In a time when soul music and pop standards began to overlap at the hands of Berry Gordy's Motown Records, Martha Reeves and her Vandellas were the blueprint for a black redefinition of the "girl group". No longer was a there "Boogie-Woogie Bugle Boy" or "Mr. Sandman" to sing about. Instead, everyone was "Dancing in the Street" during a "Heatwave". Reeves', like the label that gave her fame, was as street-wise and hip as she was elegant and refined. Unfortunately, unlike Diana Ross, who broke away from the Supremes for solo celebrity in the 1970s and 80s, Reeves was not able to transcend her early success in Detroit. Still, we salute her as a pioneer.
Peter Tosh didn’t play the time-slowing wah-wah guitar solo on Bob Marley’s reggae classic “Stir It Up,” Wayne Perkins did. Perkins also played the now iconic solos on other cuts from Bob Marley & The Wailer’s 1973 Island Records debut, including the feedback-laced soaring on “Concrete Jungle” and moonflower slide on “Baby We’ve Got a Date.” Perkins’ Marley connection (he was originally uncredited in the liner notes), and recommendations from Leon Russell and Eric Clapton helped Perkins score an audition for the Rolling Stones after Mick Taylor quit the Stones. Although that gig eventually went to Ron Wood, Perkins’ electrifying, snaky lead lines can be heard on Stones fan faves like “Hand of Fate” and “Worried About You.” Perkins impressive discography also includes work with Joni Mitchell, John Prine, Levon Helm and Albert King. So explain to me why Wayne Perkins isn’t in the Alabama Music Hall of Fame?
Alabama History Timeline
The first inhabitants of the area we now call Alabama have been living here for thousands of years. One location in Alabama has proof that prehistoric Native Americans existed there 10,000 years ago. Today, this location is preserved as the Russell Cave National Monument. The cave provided shelter for these people, while the surrounding forest provided them with food and fuel. The artifacts from the cave indicate that the site was inhabited almost continuously from that time.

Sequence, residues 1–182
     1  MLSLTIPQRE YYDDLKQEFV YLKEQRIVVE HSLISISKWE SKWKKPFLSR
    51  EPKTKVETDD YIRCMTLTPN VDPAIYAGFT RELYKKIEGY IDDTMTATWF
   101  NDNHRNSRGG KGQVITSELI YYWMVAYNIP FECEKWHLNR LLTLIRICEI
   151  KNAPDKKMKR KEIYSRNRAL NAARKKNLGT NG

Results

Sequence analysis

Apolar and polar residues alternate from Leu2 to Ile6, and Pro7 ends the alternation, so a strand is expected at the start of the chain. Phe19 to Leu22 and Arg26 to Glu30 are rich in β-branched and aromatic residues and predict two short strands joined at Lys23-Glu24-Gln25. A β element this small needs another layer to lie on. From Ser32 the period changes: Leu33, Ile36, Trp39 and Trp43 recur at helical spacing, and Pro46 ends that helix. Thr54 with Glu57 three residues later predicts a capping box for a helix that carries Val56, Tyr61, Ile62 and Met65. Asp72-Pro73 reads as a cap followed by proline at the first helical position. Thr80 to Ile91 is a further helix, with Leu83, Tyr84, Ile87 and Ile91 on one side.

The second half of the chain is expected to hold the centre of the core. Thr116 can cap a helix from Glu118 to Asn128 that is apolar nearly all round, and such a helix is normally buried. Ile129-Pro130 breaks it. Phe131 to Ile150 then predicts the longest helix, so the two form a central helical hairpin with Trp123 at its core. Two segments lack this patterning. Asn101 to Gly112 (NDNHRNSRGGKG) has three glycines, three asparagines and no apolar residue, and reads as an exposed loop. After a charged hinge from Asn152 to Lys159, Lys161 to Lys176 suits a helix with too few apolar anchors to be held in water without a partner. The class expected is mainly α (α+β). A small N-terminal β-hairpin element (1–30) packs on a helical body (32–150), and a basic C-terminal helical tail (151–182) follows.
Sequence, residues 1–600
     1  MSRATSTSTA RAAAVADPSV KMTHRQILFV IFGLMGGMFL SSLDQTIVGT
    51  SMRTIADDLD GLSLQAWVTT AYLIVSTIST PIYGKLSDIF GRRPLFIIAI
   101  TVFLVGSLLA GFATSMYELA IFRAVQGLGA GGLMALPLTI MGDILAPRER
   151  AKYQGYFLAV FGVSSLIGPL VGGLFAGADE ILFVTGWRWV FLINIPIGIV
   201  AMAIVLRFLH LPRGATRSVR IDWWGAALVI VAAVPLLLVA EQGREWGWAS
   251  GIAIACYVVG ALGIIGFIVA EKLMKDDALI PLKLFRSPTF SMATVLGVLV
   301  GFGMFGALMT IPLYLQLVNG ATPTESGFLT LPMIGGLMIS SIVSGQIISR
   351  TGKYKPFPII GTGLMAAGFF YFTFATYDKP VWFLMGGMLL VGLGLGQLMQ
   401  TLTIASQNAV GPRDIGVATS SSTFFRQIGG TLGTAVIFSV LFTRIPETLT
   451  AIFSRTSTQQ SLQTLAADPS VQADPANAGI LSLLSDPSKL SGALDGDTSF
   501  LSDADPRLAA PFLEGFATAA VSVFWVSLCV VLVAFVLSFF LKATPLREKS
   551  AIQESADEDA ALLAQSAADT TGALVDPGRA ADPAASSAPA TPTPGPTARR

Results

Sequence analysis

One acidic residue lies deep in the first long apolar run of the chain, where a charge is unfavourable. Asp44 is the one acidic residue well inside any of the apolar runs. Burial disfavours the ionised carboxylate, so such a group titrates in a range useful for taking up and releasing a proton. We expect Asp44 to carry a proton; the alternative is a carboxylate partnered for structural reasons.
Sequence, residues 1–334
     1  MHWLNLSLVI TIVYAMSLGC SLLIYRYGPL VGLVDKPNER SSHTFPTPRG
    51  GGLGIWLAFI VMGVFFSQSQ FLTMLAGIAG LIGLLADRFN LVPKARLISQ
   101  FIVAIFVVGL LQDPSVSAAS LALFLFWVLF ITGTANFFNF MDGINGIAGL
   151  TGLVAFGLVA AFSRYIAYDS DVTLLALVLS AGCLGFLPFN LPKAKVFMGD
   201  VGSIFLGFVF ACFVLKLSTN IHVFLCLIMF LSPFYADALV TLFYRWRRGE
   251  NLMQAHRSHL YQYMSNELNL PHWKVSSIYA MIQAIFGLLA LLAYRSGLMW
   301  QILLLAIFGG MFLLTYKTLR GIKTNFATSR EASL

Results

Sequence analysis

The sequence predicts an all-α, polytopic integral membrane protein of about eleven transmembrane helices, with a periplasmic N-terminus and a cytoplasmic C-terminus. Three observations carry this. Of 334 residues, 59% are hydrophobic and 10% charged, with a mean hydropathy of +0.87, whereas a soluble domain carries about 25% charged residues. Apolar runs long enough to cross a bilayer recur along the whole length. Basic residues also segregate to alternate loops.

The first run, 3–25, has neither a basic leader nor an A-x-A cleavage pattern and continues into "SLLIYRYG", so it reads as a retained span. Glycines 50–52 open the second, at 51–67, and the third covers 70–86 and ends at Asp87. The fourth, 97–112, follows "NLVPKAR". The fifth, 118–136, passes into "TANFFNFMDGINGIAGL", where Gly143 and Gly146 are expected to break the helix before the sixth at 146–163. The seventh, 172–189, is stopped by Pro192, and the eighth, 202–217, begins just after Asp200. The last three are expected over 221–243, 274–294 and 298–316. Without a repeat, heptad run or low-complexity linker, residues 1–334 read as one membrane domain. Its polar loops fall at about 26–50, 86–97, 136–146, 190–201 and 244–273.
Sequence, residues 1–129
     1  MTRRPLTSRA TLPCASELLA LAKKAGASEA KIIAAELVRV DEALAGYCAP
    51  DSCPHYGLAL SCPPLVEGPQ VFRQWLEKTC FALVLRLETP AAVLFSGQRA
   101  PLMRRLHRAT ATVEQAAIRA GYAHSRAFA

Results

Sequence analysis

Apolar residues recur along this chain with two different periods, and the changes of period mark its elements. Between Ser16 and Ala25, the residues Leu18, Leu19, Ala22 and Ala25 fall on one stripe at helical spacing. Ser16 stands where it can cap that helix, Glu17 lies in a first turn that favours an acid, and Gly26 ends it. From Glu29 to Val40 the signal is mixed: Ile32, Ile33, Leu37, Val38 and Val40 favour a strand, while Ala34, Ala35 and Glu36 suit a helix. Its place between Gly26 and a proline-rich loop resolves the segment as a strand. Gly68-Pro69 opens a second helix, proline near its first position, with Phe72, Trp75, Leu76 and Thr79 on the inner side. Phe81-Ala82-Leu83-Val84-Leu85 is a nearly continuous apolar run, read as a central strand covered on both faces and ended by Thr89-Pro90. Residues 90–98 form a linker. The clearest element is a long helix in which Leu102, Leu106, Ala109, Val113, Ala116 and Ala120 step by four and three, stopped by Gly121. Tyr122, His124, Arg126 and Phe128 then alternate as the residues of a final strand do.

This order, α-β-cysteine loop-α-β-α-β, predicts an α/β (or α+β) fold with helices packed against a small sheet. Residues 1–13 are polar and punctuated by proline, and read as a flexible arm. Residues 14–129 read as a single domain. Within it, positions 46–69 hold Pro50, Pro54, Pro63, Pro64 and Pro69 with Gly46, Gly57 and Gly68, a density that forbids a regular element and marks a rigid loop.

Alabama was populated by many Native American groups when Europeans arrived in the 1500s. These Native Americans were mostly unaffected until the French established a permanent settlement in 1699. In the 1700s many more Europeans moved into the area. Eventually these new residents would clash with various Native American groups, many of whom were organized as the Creek Confederacy.
16th Century Alabama History Timeline
1519 - Alonzo Alvarez de Pineda of Spain explores Gulf of Mexico from Florida to Mexico, including Mobile Bay.
1528 - 1536 - Spaniard Panfilo de Narvaez fails in Florida Gulf Coast colonization attempt.
1539 - 1541 - Hernando de Soto explores Southeast, meeting Chief Tuskaloosa (Tascaluza) in Battle of Maubila (October 1540).
1540 - October 18 - The largest Indian battle in North America occurs at the village of Mabila (or Mauvila) between Hernando de Soto's Spaniards and Chief Tuscaloosa's (or Tascaluza's) warriors. Accounts vary, but most agree that the Indian village and most of its more than 2,000 inhabitants were destroyed. The exact location of this battle has eluded researchers for centuries.
1559 -1561 - Don Tristan de Luna fails to establish permanent Spanish colony on Alabama-Florida coast.
17th Century Alabama History Timeline
1600 - Beginning of the rise of the historic tribes of Alabama - Muskogean-speaking Indian groups, remnants of the Mississippian chiefdoms, coalesces into the Creek Confederacy. Similar developments take place among the other heirs to the Mississippian tradition, creating the Choctaw, Chickasaw, and Cherokee tribes.
18th Century Alabama History Timeline
1700's - Alabama was first explored by the Spanish.
1702 - January 6 - Le Moyne brothers, Iberville and Bienville, establish French fort and settlement at Twenty-seven Mile Bluff settlement and fort moved downriver to Mobile site, 1712.
1717 - Fort Toulouse on the Coosa River constructed to trade with the Indians and offset influence of British farthest eastward penetration of the French.
1720 - French Louisiana capital moved from Mobile west to Biloxi then to New Orleans (1722).
1721 - Africane sails into Mobile harbor with cargo of over 100 slaves.
1724 - French Code Noir extended from French West Indies to North American colonies, institutionalizing slavery in Mobile area.
1780 - Spanish capture Mobile during American Revolution and retain the West and East Floridas as part of war-ending treaty.
- May 5 - US Army Lieutenant John McClary takes possession of Fort St. Stephens from the Spanish and the United States flag is raised for the first time on soil that would eventually belong to Alabama.
- Andrew Ellicott surveys the boundary between the United States and Spanish West Florida and places a stone north of Mobile to mark the 31st latitude.
19th Century Alabama History Timeline